Two from Contested Terrain

16Jul09

Antisemitism and the (modern) critique of capitalism

By Werner Bonefeld

The Nazi ideologue Rosenberg (1938) formulated the modern essence of antisemitism succinctly when he portrayed it as an attack on Communism, Bolshevism, and Jewish capitalism, a capitalism not of productive labour and industry, but of parasites – money and finance, speculators and bankers.

There is of course a difference between the antisemitism that culminated in Auschwitz and the antisemitism of the post-1945 world. However, whether antisemitism persists because or despite of Auschwitz is, ultimately, an idle question. The notions ‘despite’ and ‘because’ give credence to Auschwitz as a factory of death that is assumed to have destroyed antisemitism. Furthermore, and connected, antisemitism is viewed as a phenomenon of the past, that merely casts its shadow on the present but has itself no real existence. In this way, overt expressions of antisemitism are deemed ugly merely as pathological aberrations of an otherwise civilized world. In this context the critique of antisemitism is either belittled as an expression of ‘European guilt’ or rejected as an expression of bad faith: a camouflage for insulating Israel from criticism (Keaney, 2007).

The paper argues that modern antisemitism is the ‘rumour about Jews’ as personification of hated forms of capitalism. I will first look at some contemporary expressions of antisemitism, and theses IV and V explore Adono’s and Horkeimer’s (1989) and Postone’s (1986) understanding of Nazi antisemitism.

Continue reading here…

Bombs good, Mossad baaad!

According to this report from Spiegel Online, a little mini-controversy has erupted between Renate Künast, chairwoman of the parliamentary fraction of the German Greens and former minister of Consumer Protection, Food, and Agriculture under the Red-Green government, and the Stop the Bomb campaign, which advocates the termination of all German and Austrian business relationships with Iran as a means of pressuring the Iranian government to abandon its nuclear program and which is supported by such luminaries as Elfriede Jelinek, winner of the Nobel Prize for Literature in 2004.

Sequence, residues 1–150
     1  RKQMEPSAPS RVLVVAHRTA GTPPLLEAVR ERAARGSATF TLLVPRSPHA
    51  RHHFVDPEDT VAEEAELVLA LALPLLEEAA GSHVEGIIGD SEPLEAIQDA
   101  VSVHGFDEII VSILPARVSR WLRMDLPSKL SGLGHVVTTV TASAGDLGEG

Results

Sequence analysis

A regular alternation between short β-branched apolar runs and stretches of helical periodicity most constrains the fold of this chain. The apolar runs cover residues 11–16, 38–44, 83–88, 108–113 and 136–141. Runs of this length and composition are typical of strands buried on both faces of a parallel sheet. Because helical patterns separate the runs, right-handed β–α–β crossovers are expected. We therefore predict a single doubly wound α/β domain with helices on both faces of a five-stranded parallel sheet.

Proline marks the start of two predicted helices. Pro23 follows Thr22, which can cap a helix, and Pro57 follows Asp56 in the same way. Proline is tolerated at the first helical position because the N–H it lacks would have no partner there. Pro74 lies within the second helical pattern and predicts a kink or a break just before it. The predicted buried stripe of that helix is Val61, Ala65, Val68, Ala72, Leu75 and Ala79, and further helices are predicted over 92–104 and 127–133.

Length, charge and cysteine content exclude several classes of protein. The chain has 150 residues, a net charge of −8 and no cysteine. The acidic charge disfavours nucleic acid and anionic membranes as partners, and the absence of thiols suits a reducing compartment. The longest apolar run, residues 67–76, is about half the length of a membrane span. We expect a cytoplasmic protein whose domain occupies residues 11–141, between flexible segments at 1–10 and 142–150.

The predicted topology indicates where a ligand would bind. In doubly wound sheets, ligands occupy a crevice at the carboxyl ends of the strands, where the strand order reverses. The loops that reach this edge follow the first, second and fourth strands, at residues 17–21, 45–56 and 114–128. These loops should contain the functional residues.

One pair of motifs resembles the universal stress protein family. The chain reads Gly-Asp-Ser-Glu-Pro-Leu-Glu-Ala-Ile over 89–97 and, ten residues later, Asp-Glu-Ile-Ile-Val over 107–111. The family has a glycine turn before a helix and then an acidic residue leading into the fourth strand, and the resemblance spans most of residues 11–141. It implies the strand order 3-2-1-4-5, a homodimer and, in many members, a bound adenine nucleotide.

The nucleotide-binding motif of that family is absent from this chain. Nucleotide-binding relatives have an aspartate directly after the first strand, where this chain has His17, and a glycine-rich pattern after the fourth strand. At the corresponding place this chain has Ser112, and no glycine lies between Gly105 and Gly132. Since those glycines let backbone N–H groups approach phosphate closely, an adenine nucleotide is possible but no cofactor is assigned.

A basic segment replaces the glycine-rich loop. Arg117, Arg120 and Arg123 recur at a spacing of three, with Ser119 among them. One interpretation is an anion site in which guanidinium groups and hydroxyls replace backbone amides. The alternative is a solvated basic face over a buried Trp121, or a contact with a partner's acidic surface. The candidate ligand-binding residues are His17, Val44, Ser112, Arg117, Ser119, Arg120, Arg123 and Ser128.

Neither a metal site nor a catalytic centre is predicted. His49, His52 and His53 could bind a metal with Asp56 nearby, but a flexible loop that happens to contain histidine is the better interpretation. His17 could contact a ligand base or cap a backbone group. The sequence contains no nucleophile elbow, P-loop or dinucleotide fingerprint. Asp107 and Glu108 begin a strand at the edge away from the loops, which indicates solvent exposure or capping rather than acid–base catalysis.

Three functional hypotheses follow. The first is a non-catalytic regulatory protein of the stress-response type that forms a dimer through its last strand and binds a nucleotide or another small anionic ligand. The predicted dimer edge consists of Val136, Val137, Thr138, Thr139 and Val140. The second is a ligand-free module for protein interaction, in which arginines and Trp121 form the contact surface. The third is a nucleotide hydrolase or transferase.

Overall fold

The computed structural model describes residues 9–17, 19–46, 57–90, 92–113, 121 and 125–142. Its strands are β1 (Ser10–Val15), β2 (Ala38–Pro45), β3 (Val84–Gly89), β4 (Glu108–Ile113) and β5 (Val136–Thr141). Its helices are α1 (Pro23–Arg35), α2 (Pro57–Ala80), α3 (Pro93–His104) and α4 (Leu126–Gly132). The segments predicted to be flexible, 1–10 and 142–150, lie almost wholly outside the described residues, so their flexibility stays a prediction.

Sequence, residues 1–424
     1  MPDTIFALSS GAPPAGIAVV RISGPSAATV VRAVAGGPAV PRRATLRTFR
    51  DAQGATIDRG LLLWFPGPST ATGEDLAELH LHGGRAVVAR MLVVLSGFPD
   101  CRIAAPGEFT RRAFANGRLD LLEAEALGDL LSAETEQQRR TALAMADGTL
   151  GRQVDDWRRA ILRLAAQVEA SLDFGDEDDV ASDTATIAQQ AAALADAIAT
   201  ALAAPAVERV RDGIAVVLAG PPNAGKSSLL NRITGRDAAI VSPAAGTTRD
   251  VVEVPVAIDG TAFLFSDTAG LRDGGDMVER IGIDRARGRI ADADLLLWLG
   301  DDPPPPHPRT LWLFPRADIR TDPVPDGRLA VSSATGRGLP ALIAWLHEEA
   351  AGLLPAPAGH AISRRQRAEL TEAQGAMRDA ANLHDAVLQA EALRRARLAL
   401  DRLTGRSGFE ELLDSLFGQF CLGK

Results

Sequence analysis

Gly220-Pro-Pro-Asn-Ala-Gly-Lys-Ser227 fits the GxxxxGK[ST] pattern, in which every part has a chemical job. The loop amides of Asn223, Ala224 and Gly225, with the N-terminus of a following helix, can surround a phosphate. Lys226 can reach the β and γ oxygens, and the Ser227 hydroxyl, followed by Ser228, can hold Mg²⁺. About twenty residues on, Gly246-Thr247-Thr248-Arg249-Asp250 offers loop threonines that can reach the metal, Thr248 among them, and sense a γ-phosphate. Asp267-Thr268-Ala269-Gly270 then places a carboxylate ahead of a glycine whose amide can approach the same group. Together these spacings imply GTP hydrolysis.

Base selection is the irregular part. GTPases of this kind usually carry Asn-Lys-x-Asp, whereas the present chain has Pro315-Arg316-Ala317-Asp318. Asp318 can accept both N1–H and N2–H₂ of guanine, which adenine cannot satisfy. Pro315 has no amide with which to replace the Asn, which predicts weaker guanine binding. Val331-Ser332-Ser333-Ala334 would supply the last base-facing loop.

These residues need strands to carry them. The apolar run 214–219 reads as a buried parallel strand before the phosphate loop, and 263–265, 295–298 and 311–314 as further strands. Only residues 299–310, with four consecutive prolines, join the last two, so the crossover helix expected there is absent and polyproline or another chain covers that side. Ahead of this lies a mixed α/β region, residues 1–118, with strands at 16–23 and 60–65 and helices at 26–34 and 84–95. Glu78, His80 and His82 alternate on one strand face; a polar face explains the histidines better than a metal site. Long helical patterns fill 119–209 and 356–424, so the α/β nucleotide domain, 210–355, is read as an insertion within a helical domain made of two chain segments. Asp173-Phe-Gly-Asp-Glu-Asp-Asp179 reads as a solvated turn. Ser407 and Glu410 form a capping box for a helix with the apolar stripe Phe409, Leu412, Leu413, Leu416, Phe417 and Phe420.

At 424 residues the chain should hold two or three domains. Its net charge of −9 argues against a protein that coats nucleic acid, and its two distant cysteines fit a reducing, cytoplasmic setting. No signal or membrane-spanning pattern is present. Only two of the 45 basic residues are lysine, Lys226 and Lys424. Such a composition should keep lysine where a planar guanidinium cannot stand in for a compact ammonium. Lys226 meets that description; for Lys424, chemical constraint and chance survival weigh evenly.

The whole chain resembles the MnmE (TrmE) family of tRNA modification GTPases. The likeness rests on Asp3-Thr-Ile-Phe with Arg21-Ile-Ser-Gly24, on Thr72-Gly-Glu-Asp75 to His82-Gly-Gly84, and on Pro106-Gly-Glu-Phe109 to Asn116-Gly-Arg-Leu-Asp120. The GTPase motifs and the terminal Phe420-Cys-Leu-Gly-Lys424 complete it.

According to campaign activist “Thomas H.”, who was attempting to collect signatures in front of an entrance to the Bundestag, Künast, who also heads the party’s electoral list going into the 2009 federal elections, refused to give her signature, saying “Your organization isn’t Kosher” and then, while stepping into her limousine, “you are in fact an organization of the Mossad!”

Künast vigorously denies the allegation, which was reported by the Jerusalem Post.

According to the Spiegel Online article, the question of whether or not to support the campaign is hotly contested within the party itself. According to Green Party parliamentarian Omid Nouripour, who opposes the campaign, “the alliance does not exclude the option of a military first strike. That has nothing to do with Green politics, and for that reason we can’t lend our signatures.”

So let me get this straight: a political party which was directly responsible for leading the first German war since WWII has suddenly rediscovered its pacifism?

Postscript: The SPON article also contains this delightful blast from the past from Green “left” fig leaf Hans-Christian Ströbele: “The Iraqi missle attacks [on Israel, during the 1990 Persian Gulf War — translator’s note] are the logical, almost compelling consequence of Israel’s policies.”

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